The Gilchrist family welcomed their third child, Ruby Madeline, into the world on June 19, 2019.
“It was funny because she was already the most famous person in our family because the governor announced my wife, Ellen, was pregnant during the State of the State address in 2019,” says Garlin Gilchrist, who was just a few months into his tenure as Lieutenant Governor of Michigan.
“It’s wrong that 76 percent of dads go back to work within a week of a child being born. It puts so much more strain on mothers who are without the support of their partners.” — Lt. Gov. Garlin Gilchrist
Although he was the second highest ranking elected member of a new administration trying to get traction in a new era of divided state government, Gilchrist says he was set on taking some time off the job to be with his growing family. He took four weeks.
“My understanding is that was actually unprecedented for a state official, at my level, to take leave like that,” he tells MichMash hosts Cheyna Roth and Jake Neher.
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“What it meant for my family was the ability to be patient and to be fully present. To even figure out and read all the instruction manuals for the new car seat. All that takes time,” says Gilchrist.
Businesses in Michigan are not required to provide paid parental leave to employees.
As of 2012, just nine percent of work sites offered paid paternity leave to all employees. A survey by human resources consulting firm Mercer suggests 40 percent of employers offer some form of paid parental leave to birth parents as of 2019.
The FMLA “is important. It is an important worker protection. [But] it is like the lowest floor you can think of and so we believe that it is our responsibility to go further to try harder.” — Lt. Gov. Garlin Gilchrist
Still, for a majority of workers in the U.S., any paid time off after the birth or adoption of a child must come out of their personal earned vacation and/or sick time that they have accrued.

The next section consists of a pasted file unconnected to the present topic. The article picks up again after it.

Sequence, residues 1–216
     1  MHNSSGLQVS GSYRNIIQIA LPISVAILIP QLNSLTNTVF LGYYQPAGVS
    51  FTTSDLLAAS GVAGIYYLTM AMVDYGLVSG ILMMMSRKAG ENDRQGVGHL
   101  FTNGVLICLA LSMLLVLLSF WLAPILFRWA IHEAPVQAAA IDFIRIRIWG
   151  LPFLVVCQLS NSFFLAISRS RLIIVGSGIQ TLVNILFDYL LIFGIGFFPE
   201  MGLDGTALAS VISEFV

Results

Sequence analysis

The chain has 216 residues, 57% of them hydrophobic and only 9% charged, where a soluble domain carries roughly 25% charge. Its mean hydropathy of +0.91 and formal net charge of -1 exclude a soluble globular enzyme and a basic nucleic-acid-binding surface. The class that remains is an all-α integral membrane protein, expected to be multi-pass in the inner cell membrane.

“That’s why, in the budget, we proposed actually making 12 weeks of paid parental leave available to all state employees in Michigan as a statement of values, but also as an example to set for employers across state,” says Gilchrist.
“It’s wrong that 76 percent of dads, for example, basically go back to work within a week of a child being born,” he continues. “And that’s tough because it puts so much more strain on mothers who are basically fending for themselves with children without the support of their partners. And it doesn’t put anyone in the best position to be able to be successful. I’m pretty confident that contributes to things like postpartum depression and all the other stressors that come with being a new parent. And so to the extent that we can have policies and programs to support families, In that way, I think we should.”
”It doesn’t put anyone in the best position to be able to be successful. I’m pretty confident that contributes to things like postpartum depression and all the other stressors that come with being a new parent.” — Lt. Gov. Garlin Gilchrist
But Michigan’s political climate — especially given the pressing nature of a global pandemic — is probably not suited for a serious debate about mandating paid parental leave. In 2018, the Republican-controlled state Legislature adopted, then gutted, a citizen-initiated law that would have guaranteed earned paid sick leave for workers.
Gilchrist just hopes that Republicans in the Legislature will accept the more modest proposal in Gov. Whitmer’s proposed budget guaranteeing parental leave for state workers.
“We hope that, certainly, our Republican counterparts will be willing to come to the table because, you know, I believe that they value family, I believe that they value parents, I believe that they value people supporting the health of both mothers and babies,” he says.